Robotics students visit SpaceX Center


Robotics teacher Andrew Theiss, Erik Anderson ’20, Page Clancy ’ 22 and Dean Reiter ’20 pose in front of the SpaceX rocket with their new SpaceX logo cups in hand. Credit: Printed with permission of Andrew Theiss

Tessa Augsberger

Robotics team members, Erik Anderson ’20, Page Clancy ’22 and Dean Reiter ’20 toured the SpaceX production facility with computer science teacher and Robotics Coach Andrew Theiss on Oct. 29.

During the visit, students learned about SpaceX’s internal operations and assembly strategies.

Clancy, who plans to participate in the American Rocketry Competition this year, said she enjoyed the visit.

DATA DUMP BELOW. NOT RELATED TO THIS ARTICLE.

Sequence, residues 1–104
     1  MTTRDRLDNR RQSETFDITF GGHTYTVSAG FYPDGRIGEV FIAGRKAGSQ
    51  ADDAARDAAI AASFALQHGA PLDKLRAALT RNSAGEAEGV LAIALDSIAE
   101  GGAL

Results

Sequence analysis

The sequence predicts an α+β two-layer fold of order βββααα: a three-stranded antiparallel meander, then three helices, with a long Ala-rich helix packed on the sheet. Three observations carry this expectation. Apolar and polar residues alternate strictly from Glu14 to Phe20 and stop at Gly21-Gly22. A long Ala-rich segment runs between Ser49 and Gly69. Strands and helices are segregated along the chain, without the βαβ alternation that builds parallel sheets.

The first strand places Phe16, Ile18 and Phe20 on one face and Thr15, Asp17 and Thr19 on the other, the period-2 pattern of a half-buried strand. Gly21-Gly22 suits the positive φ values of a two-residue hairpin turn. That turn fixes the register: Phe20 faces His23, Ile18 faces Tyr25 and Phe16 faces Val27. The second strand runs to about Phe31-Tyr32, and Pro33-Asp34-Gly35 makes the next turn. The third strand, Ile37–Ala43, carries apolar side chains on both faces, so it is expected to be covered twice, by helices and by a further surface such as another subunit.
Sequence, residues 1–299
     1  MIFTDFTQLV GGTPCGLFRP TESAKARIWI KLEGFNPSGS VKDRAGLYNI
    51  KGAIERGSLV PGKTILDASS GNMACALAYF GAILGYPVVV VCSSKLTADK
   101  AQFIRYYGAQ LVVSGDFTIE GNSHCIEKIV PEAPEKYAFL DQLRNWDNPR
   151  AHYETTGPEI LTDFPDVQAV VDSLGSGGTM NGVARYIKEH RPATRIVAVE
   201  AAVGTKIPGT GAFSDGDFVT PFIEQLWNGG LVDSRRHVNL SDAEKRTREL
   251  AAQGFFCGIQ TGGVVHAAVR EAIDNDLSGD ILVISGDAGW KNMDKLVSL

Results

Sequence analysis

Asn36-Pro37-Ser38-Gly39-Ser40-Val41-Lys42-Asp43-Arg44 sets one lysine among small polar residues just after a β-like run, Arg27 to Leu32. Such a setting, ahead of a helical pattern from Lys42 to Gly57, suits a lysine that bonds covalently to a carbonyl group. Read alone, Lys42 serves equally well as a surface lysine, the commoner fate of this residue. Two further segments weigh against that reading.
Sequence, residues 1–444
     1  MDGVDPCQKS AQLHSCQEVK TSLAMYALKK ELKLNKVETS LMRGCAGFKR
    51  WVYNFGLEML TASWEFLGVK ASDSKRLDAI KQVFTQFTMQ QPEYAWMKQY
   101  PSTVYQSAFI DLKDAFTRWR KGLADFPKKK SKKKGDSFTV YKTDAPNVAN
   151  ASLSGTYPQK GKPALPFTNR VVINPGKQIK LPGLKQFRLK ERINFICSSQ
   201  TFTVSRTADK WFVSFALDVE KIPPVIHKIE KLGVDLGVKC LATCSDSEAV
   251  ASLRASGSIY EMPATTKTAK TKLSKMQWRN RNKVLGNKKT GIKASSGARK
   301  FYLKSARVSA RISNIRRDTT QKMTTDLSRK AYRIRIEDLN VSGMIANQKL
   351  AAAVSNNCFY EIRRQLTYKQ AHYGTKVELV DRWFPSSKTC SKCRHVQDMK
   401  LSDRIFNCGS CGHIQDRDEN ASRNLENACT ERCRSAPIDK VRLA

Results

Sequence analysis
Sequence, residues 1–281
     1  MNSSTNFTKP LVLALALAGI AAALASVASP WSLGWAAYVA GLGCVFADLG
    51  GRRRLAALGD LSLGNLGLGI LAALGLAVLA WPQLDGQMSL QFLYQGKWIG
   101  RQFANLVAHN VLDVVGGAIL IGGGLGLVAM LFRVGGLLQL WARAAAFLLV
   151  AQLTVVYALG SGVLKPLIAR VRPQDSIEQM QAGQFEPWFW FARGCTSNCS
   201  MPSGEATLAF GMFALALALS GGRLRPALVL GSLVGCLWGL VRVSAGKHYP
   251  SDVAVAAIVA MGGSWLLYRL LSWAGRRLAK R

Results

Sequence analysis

“I loved it,” Clancy said. “Getting to see the process of building the rockets up-close was a super unique opportunity. I had a great time getting shown around and watching what goes on within the facilities.”

The visit also provided the group with a unique opportunity to learn about a the newest technology, Theiss said.

“We were fortunate enough to see the production of a full-flow stage combustion engine being manufactured, probably one of the first 10 in existence),” Theiss said.

The SpaceX Raptor uses a full-flow, staged combustion engine and is the only orbital rocket to ever have been fueled by methane.

Clancy said the visit allowed her to visualize a career in STEM.

“Getting to see where robotics could take me in the future was super inspiring,” Clancy said.